This paper attempts to estimate the aggregate annual costs of child poverty to the US economy. It begins with a review of rigorous research studies that estimate the statistical association between children growing up in poverty and their earnings, propensity to commit crime, and quality of health later in life. We also review estimates of the costs that crime and poor health impose on the economy. Then we aggregate all of these average costs per poor child across the total number of children growing up in poverty in the United States to obtain our estimate of the aggregate costs of the conditions associated with childhood poverty to the US economy. Our results suggest that these costs total about $500 billion per year, or the equivalent of nearly 4% of gross domestic product (GDP). More specifically, we estimate that childhood poverty each year: (1) reduces productivity and economic output by an amount equal to 1.3% of GDP, (2) raises the costs of crime by 1.3% of GDP, and (3) raises health expenditures and reduces the value of health by 1.2% of GDP. (author abstract)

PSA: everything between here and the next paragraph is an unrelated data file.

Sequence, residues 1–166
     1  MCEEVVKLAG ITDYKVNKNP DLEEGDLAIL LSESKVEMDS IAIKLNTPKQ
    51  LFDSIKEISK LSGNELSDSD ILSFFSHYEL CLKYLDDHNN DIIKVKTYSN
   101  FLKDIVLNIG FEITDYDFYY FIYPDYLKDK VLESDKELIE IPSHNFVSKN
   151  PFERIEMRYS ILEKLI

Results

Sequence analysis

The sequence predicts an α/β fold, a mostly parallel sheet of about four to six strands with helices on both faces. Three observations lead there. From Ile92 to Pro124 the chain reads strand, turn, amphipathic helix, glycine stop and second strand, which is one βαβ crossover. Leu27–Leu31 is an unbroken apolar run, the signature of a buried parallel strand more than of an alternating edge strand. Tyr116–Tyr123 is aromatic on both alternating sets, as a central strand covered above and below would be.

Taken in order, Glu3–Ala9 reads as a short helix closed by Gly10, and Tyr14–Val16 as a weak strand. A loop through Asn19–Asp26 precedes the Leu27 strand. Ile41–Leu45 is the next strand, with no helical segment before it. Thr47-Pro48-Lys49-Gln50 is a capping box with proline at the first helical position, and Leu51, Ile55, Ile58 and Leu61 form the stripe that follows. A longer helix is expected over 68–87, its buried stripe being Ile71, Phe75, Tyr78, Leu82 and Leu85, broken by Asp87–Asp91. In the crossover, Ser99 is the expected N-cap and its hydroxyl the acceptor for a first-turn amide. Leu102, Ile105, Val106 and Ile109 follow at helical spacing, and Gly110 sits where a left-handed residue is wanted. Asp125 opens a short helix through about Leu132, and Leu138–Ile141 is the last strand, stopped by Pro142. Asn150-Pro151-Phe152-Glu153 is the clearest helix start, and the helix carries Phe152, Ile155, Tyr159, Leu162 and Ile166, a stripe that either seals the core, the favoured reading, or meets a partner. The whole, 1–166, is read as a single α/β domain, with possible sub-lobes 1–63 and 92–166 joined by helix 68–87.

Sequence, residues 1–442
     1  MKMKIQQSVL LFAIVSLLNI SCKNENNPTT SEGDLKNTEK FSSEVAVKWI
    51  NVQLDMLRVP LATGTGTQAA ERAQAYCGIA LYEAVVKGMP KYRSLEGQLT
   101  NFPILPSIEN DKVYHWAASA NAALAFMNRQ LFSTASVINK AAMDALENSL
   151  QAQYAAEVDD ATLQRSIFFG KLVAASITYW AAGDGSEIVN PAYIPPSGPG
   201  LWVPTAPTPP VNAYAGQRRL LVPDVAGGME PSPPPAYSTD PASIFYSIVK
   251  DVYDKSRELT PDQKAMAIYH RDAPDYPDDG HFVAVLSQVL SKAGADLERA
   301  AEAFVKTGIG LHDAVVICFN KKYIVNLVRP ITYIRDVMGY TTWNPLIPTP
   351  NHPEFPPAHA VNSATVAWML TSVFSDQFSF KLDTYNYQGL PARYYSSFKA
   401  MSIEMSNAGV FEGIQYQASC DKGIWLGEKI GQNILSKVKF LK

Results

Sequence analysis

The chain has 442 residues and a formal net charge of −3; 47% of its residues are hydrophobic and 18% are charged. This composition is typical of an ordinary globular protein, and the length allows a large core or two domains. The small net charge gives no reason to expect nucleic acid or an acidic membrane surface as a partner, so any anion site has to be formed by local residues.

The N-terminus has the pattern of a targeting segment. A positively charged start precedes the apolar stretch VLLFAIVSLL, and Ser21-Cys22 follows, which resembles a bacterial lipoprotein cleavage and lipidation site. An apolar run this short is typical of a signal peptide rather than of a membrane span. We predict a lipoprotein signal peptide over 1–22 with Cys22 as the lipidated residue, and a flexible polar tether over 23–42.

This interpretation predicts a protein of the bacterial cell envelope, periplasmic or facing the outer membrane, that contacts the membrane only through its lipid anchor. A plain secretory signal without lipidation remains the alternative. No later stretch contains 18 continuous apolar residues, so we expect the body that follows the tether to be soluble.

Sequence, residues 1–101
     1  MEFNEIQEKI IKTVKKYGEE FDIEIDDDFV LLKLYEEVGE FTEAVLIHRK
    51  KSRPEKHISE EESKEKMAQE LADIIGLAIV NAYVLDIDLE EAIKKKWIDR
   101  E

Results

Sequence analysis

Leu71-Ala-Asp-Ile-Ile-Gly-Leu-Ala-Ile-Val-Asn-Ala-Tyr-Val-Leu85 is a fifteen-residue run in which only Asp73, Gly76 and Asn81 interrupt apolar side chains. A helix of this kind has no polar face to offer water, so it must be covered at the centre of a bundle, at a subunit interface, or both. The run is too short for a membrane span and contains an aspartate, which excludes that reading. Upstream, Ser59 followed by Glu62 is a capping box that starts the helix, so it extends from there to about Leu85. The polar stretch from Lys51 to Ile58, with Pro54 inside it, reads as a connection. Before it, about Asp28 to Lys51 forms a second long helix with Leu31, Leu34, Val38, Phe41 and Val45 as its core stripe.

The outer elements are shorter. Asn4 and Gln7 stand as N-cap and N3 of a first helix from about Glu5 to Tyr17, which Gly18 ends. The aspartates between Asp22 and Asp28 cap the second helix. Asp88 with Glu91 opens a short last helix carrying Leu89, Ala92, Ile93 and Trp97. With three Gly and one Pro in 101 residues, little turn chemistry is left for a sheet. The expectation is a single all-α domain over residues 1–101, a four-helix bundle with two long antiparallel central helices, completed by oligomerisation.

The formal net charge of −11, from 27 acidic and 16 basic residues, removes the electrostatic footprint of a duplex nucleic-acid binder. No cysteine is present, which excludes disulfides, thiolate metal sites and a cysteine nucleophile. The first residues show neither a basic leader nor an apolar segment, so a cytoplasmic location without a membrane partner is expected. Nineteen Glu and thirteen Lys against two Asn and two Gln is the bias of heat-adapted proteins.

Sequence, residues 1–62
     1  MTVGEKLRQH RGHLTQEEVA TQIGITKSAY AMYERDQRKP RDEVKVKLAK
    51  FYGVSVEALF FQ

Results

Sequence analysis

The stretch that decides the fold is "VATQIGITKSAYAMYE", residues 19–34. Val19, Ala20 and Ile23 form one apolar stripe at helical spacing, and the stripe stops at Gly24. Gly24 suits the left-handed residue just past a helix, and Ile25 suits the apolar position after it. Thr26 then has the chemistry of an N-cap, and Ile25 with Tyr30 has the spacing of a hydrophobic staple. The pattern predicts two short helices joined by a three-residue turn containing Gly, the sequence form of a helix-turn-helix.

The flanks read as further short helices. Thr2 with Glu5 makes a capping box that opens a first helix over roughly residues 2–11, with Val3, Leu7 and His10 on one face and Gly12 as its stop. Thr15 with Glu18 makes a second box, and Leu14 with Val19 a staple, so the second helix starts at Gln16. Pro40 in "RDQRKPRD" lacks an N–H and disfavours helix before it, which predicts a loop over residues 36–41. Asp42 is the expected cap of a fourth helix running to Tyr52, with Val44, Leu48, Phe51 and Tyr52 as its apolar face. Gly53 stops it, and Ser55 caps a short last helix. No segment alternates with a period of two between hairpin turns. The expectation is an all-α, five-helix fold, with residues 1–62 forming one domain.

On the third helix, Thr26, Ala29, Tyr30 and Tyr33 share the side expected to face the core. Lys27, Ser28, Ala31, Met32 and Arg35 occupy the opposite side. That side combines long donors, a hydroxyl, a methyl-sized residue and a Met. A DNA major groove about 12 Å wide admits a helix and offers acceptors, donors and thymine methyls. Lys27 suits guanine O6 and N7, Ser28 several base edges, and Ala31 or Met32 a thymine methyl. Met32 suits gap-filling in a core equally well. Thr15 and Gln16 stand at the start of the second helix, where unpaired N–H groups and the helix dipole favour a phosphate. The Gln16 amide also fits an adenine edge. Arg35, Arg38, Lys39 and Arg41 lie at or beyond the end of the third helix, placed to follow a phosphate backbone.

...

    This paper attempts to estimate the aggregate annual costs of child poverty to the US economy. It begins with a review of rigorous research studies that estimate the statistical association between children growing up in poverty and their earnings, propensity to commit crime, and quality of health later in life. We also review estimates of the costs that crime and poor health impose on the economy. Then we aggregate all of these average costs per poor child across the total number of children growing up in poverty in the United States to obtain our estimate of the aggregate costs of the conditions associated with childhood poverty to the US economy. Our results suggest that these costs total about $500 billion per year, or the equivalent of nearly 4% of gross domestic product (GDP). More specifically, we estimate that childhood poverty each year: (1) reduces productivity and economic output by an amount equal to 1.3% of GDP, (2) raises the costs of crime by 1.3% of GDP, and (3) raises health expenditures and reduces the value of health by 1.2% of GDP. (author abstract)